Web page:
• Currently the Charter is required to be reviewed every 5 years.  THE PROPOSAL REMOVES THE REQUIREMENT TO EVER HAVE A CHARTER REVIEW!  This matters because the only way there would be a charter review in the future is if a sitting  Council votes to initiate one.  Residents’ only  other recourse would be to gather petitions of over 10% of the registered voters in the city to get a charter change on the ballot – a difficult task.  The City is growing rapidly both through annexation plans plus future growth in Avenir, and one could anticipate the need for changes to the government structure such as districts or a strong-mayor and without a Charter Review this will not happen.  The Charter Review Committee recommended that the need for Charter Reviews be maintained in order to maintain trust with the voter, however the City Attorney removed the requirement in developing the proposed replacement Charter.

City Manager Residence and Annual Performance Review

  • Controversial in the 2012 ballot question was the proposed removal of the requirement for the City Manager to reside within the City.  Difficulty in finding a qualified resident to fill the position, lack of affordable housing for a prospective City Manager to move here (who in 2017 according to the FL League of cities, earned $225,834.51 with 50.5 sick days, 100% health insurance costs paid and also provided: car, laptop, cell phone, frs retirement, additional retirement package, severance package), or requiring a candidate who lives closeby to move, were discussed as the rationale for removing the requirement. The Council discussed making it a requirement in any prospective City Manager’s contract – but did not pass an ordinance stating that.  They are expecting the residents to ‘trust’ them to do so when negotiating with a future City Manager.  IT WILL NO LONGER BE POLICY.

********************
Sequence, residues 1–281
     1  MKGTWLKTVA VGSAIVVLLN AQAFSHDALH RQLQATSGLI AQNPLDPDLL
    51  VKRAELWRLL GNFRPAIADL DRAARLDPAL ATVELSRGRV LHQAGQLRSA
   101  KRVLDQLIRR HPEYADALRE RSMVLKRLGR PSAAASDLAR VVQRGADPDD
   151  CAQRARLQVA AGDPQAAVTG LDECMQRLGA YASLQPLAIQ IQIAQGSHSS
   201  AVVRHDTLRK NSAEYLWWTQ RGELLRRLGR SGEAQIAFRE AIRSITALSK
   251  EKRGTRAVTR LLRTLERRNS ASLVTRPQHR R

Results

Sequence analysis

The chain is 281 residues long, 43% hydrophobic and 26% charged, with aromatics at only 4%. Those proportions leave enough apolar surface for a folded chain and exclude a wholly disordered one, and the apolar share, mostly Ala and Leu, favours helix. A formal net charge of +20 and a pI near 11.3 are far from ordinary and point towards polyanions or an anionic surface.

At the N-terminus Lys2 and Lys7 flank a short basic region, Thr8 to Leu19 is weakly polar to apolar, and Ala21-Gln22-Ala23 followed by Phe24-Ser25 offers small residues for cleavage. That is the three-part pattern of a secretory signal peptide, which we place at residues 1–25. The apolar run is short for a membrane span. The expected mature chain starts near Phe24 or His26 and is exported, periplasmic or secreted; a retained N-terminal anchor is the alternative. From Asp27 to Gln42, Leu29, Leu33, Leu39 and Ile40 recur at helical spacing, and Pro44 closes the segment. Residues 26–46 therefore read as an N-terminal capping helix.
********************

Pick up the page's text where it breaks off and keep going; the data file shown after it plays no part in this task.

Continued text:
• Additionally, the proposed Charter no longer references an annual review of the City Manager.  Yes – the City Manager serves at the will and vote of the Council, but a public review, no matter how spurious, forces the Council to at least state their positions on the City Manager’s performance.

Redefining the Definition of a Term

  • In the current Charter, a term is what a Council Member is elected to.  There is no parsing parts of a term.  Changed in the proposed charter – is the sentence “Service of one-half or less than one-half of a full three (3) year term shall not count toward the subject term limit.”  The rationale given by the Charter Review Committee was that it is consistent with the 22nd Amendement to the US Constitution for President.  But discussion rationale by the CRC was that someone may leave office for illness or some other reason and should not be term-limited by having been elected to two consecutive terms and not serving at least 1 1/2 years of the final term.  At the same time, they felt it was reasonable, if one has served over 1 1/2 terms, that a council member should be considered to have served two consecutive terms to avoid situations like arose when one on the council resigned to run after having served almost his complete term.

Redefining ‘A Majority of Votes Cast’

  • The current charter states that “the candidate receiving a majority of the votes cast at such a election to fill such office will be declared to be duly elected.”  Majority means getting 50% plus 1 of the votes cast.
  • A real-life example of a situation where a candidate was named the ‘winner’ by the City Clerk (and then removed by the courts for a different reason) was the March 2016 election between David Levy and Carl Woods.  Kevin Easton withdrew after ballots had already been printed and absentee ballots sent out.  Almost 8% of the voters legitimately cast their votes for Mr. Easton – because they either supported him, or were voting ‘None of the above’.  In this result, Mr. Levy only received 47% of the majority of votes cast and thus it could be argued that he did NOT receive the majority of votes cast and should not have been seated.  The voters cast legitimate votes and these would be discarded, and those voters disenfranchised by the proposed wording in Exhibit A.